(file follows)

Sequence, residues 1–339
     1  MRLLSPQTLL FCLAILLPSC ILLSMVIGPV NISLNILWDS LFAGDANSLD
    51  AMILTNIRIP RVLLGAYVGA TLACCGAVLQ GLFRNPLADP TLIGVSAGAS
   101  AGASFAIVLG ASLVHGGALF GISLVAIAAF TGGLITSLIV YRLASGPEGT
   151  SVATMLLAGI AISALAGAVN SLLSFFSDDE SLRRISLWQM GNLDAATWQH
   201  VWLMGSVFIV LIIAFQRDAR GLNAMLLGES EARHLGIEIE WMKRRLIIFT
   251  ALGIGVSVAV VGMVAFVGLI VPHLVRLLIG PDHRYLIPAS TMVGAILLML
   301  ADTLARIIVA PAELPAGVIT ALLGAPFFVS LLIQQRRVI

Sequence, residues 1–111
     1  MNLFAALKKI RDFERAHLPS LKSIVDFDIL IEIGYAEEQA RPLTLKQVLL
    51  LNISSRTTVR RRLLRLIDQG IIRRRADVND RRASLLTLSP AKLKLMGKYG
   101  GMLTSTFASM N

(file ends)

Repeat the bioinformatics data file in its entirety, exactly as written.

Sequence, residues 1–339
     1  MRLLSPQTLL FCLAILLPSC ILLSMVIGPV NISLNILWDS LFAGDANSLD
    51  AMILTNIRIP RVLLGAYVGA TLACCGAVLQ GLFRNPLADP TLIGVSAGAS
   101  AGASFAIVLG ASLVHGGALF GISLVAIAAF TGGLITSLIV YRLASGPEGT
   151  SVATMLLAGI AISALAGAVN SLLSFFSDDE SLRRISLWQM GNLDAATWQH
   201  VWLMGSVFIV LIIAFQRDAR GLNAMLLGES EARHLGIEIE WMKRRLIIFT
   251  ALGIGVSVAV VGMVAFVGLI VPHLVRLLIG PDHRYLIPAS TMVGAILLML
   301  ADTLARIIVA PAELPAGVIT ALLGAPFFVS LLIQQRRVI

Sequence, residues 1–111
     1  MNLFAALKKI RDFERAHLPS LKSIVDFDIL IEIGYAEEQA RPLTLKQVLL
    51  LNISSRTTVR RRLLRLIDQG IIRRRADVND RRASLLTLSP AKLKLMGKYG
   101  GMLTSTFASM N